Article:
It was many years later that I caught up with Lou during his Ecstasy tour of 2000, in the baroque splendour of the State Theatre. By then I had moved to Sydney, travelled in Europe, and had two teenage sons. The band was amazing, including electric violin (his wife-to-be Laurie Anderson had played on the album), and it was a sublime concert, with Rock Minuet a transcendent highlight.

The final concert I saw was the great reprise of his album Berlin, that was performed at the State Theatre in early 2007, with a band comprising original personnel from the band (Steve Hunter) and some new  favourites (Sharon Jones! Antony!), as well as a Julian Schnabel set design.

On Lou’s last visit to Australia in 2010, he and Laurie curated the Vivid Festival at the Sydney Opera House. Would have loved to see him perform again, but couldn’t quite take to a live revival of Metal Machine Music, so we saw Laurie Anderson in concert instead, a sweet and perceptive story-teller, so glad I did.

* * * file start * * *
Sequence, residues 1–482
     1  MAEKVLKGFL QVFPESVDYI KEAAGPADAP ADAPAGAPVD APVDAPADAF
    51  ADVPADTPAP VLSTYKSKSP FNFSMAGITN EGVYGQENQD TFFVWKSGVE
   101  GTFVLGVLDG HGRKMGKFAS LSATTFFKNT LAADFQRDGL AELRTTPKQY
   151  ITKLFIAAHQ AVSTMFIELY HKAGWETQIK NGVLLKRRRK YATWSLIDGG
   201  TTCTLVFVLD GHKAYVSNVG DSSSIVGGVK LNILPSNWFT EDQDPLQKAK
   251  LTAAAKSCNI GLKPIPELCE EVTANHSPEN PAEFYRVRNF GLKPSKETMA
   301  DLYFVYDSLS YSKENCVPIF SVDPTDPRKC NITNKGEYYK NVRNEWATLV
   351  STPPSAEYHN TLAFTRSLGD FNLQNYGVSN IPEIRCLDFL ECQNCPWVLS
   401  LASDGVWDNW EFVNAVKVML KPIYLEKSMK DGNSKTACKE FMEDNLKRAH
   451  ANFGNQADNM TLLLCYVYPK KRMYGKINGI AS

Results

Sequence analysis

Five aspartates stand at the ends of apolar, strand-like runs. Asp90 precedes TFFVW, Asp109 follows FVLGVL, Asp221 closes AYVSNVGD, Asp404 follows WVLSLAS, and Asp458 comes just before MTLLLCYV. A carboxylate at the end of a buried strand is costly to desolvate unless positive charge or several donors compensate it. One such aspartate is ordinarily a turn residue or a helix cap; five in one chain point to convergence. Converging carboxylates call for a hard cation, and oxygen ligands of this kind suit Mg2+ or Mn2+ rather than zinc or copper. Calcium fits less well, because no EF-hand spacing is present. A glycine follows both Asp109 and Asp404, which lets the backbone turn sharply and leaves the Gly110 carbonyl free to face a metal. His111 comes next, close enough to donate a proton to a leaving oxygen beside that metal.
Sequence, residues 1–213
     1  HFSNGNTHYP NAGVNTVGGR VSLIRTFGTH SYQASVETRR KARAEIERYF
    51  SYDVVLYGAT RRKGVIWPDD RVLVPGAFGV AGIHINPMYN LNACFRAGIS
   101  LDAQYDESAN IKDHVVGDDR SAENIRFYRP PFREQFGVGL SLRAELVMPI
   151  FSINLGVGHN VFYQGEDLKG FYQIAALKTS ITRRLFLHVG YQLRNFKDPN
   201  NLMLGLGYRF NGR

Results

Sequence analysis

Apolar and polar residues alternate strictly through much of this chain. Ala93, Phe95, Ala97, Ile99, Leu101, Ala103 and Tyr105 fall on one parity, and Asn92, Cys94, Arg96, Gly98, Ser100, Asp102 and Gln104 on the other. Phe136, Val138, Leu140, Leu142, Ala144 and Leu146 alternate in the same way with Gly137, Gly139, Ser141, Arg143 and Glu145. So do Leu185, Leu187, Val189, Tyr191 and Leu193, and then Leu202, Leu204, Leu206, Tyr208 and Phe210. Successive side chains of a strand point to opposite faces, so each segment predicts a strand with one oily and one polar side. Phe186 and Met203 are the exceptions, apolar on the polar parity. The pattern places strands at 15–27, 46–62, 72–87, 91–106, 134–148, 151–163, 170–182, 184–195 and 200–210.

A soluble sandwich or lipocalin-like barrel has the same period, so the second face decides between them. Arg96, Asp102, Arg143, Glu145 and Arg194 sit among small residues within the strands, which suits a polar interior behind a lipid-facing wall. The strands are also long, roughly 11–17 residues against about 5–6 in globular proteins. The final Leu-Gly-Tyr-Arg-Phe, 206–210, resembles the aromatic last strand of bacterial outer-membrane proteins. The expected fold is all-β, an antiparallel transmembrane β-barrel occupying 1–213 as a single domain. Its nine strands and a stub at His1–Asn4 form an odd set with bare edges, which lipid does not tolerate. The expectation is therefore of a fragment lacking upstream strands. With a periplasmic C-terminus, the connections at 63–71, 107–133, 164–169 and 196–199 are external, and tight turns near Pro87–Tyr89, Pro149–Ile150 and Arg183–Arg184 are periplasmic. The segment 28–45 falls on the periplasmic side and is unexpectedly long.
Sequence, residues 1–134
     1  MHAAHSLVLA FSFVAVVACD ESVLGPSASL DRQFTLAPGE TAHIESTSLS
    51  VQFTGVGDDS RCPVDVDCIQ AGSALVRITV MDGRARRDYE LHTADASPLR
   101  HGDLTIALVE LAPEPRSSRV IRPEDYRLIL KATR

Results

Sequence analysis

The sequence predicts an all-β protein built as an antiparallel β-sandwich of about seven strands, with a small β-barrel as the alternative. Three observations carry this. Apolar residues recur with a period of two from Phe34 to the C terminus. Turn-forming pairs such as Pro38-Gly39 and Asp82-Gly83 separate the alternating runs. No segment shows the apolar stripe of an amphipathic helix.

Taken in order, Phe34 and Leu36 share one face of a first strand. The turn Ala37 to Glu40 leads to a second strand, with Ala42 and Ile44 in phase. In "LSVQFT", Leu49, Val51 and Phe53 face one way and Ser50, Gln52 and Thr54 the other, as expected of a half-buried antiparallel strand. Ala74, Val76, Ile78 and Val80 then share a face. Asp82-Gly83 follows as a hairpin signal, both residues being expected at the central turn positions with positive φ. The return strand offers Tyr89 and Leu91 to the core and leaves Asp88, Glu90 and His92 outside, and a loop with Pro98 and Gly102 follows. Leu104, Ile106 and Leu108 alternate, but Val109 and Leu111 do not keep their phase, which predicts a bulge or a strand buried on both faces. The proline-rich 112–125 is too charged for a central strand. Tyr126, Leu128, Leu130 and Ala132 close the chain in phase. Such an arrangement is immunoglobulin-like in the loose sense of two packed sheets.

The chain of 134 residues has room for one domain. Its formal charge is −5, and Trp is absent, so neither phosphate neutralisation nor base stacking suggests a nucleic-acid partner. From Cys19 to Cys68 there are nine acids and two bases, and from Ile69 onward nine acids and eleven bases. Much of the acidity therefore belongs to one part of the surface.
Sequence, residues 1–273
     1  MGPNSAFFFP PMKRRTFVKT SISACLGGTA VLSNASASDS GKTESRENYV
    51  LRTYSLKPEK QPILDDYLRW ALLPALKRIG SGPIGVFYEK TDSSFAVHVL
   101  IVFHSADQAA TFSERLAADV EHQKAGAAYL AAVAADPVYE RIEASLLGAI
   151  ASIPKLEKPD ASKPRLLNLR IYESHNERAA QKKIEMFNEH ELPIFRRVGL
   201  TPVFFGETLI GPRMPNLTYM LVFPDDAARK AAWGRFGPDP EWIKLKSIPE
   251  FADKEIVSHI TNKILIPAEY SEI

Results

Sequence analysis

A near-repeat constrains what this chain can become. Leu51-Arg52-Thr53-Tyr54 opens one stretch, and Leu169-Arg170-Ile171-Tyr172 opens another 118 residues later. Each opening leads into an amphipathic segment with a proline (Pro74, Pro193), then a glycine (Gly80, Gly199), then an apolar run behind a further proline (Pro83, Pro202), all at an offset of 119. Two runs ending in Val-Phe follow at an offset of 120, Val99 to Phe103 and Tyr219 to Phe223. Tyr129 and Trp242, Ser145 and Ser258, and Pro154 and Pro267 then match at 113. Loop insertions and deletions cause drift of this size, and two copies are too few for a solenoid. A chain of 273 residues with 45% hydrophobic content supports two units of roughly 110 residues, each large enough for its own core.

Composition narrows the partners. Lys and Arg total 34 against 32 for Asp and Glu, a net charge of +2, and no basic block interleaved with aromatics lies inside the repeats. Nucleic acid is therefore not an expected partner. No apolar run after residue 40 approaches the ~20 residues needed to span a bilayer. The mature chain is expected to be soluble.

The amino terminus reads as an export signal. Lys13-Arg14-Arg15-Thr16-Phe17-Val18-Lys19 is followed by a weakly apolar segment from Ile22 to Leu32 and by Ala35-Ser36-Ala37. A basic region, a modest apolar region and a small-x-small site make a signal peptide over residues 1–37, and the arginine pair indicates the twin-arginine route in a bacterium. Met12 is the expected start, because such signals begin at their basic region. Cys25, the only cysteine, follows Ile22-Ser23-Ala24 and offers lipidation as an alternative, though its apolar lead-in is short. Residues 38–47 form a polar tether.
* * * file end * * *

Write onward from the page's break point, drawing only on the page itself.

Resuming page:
Vale Lou.

eportfolios …

As a creator with multiple aspects to my work, I love e-portfolios, and have several! This blog is my art e-portfolio, I have another site for my educational and research work, and then there’s my Creative Becoming blog, where I try to bring together my creative, professional and research interests 🙂

So this week I was at a forum on e-portfolios in education, looking at how portfolio learning can allow formal learning programs to support the lifelong and life-wide learning journey. Anyone interested in looking at the poster I presented (A learning portfolios approach to academic development), can check it out over on my Creative Becoming blog: eportfolios for academics.

Portrait of my sister Kate

Dear departed – My sister kate

Since my sister Kate died last year, I have been intermittently delving into images of her to develop a series of portraits. It’s slow going, more therapy than creativity perhaps. The first portrait I was happy with is this one, ‘Dear departed’, and it has been selected as a finalist in the Olive Cotton Award for Photographic Portraiture, opening today.